Dr. Aline Villavicencio from the University of Essex (UK) and Federal university of Rio Grande do Sul (Brazil) is visiting RGCL in April. She will be giving a talk on Identifying Idiomatic Language with Distributional Semantic Models on the 19th April 2018, abstract below. If you are interested in attending the talk please contact A.Harper2@wlv.ac.uk for more details.
Identifying Idiomatic Language with Distributional Semantic Models
Precise natural language understanding requires adequate treatments both of single words and of larger units. However, expressions like compound nouns may display idiomaticity, and while a police car is a car used by the police, a loan shark is not a fish that can be borrowed. Therefore it is important to identify which expressions are idiomatic, and which are not, as the latter can be interpreted from a combination of the meanings of their component words while the former cannot. In this talk I discuss the ability of distributional semantic models (DSMs) to capture idiomaticity in compounds, by means of a large-scale multilingual evaluation of DSMs in French and English. A total of 816 DSMs were constructed in 2,856 evaluations. The results obtained show a high correlation with human judgments about compound idiomaticity (Spearman’s ρ=.82 in one dataset), indicating that these models are able to successfully detect idiomaticity.
Congratulations to Victoria Yaneva who gave a talk at the Birmingham AI group about our latest research on detecting autism based on eye tracking data.
The video can be seen on YouTube here https://www.youtube.com/watch?v=XD_o9w7tCHs
The Research Group in Computational Linguistics at the University of Wolverhampton (http://rgcl.wlv.ac.uk) is currently recruiting a Lecturer/Senior Lecturer in Translation Technology (permanent). The purpose of this post is to strengthen the research group by enhancing its research and publications in the field of translation technology. The appointed candidate will be expected to produce REF-returnable outputs, attract external income, seek industrial collaborations, teach at Masters level and supervise PhD students. He/she will join a recently appointed research fellow and two PhD students in translation technology. All these posts are part of a university investment in the area of translation technology.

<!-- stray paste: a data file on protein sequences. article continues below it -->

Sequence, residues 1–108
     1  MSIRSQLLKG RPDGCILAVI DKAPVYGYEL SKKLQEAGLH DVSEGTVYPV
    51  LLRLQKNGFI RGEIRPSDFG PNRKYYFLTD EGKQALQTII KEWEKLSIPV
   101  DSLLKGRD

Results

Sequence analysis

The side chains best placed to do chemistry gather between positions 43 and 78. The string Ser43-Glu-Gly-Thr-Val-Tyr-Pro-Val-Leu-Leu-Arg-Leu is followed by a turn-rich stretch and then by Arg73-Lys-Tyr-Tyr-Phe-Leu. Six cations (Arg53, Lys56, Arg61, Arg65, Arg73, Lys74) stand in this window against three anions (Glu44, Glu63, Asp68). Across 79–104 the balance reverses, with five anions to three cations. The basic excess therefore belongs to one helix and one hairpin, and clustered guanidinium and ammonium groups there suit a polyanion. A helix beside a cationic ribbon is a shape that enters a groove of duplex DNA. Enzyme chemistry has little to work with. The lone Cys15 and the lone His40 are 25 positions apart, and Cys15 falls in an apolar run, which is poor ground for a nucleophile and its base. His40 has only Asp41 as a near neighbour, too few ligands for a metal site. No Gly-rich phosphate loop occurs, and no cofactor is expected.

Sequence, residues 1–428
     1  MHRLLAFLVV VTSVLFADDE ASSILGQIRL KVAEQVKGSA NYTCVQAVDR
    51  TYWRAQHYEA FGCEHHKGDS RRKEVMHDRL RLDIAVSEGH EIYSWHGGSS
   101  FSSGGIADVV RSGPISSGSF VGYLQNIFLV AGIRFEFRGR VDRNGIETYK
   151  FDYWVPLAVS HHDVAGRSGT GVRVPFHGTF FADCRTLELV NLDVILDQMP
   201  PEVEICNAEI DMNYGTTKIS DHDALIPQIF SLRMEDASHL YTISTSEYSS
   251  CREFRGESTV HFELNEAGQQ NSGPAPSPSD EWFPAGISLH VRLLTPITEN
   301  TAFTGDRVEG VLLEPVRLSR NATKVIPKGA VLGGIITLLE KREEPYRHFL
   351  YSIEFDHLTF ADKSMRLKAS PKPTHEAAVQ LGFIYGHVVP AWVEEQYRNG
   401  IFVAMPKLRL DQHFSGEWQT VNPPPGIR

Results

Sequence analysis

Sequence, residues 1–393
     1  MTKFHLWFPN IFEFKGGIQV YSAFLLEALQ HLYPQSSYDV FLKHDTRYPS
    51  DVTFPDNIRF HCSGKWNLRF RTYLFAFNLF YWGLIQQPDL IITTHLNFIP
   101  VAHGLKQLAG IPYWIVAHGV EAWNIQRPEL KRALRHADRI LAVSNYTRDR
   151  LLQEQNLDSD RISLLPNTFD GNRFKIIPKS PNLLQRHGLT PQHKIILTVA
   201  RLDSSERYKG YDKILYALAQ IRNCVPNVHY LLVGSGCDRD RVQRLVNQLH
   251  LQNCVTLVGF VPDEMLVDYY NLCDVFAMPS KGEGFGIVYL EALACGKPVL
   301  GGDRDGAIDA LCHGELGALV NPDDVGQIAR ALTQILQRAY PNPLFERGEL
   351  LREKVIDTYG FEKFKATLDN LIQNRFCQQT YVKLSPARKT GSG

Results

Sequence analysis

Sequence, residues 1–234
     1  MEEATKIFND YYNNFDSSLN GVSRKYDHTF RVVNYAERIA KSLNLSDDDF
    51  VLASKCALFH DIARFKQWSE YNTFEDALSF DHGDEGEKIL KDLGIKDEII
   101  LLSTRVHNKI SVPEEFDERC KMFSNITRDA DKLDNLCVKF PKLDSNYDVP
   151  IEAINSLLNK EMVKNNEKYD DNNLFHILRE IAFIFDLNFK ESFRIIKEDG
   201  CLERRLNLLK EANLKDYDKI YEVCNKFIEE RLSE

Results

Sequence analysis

For the last Staff Research Seminar on 2017, Dr Michael Oakes gave a talk on his current research. The paper was well received and there was an interesting debate and questions afterwards.
TITLE: Experiments on “The Dark Tower”, the Indus Script and the ENNTT Corpus. Continue reading
We will be closed over the Christmas Break and will be back on the 2 January 2018.
In November, Dr Constantin Orasan gave a staff research seminar profiling his current and future research user study on Quality estimation for professional translators. The paper was well received and there was an interesting debate and questions afterwards.
Title: Quality estimation for professional translators: a user study
Postediting of machine translation output has became an important step of the workflows employed by translation companies. The idea behind postediting is that it is possible to improve the productivity of professional translators by asking them to correct the output of machine translation systems rather than to translate from scratch. In cases in which the quality of translation is poor this is not necessary true. The field of quality estimation could prove useful to decide which sentences can be postedited and which should be translated from scratch. This talk will report the results of a user study which recorded the productivity of four professional translators when they were asked to postedit and translate sentences in different scenarios.
Our results show that quality estimation information, when accurate, improves post-editing efficiency. The analysis has also raised a number of questions which are worth being investigated.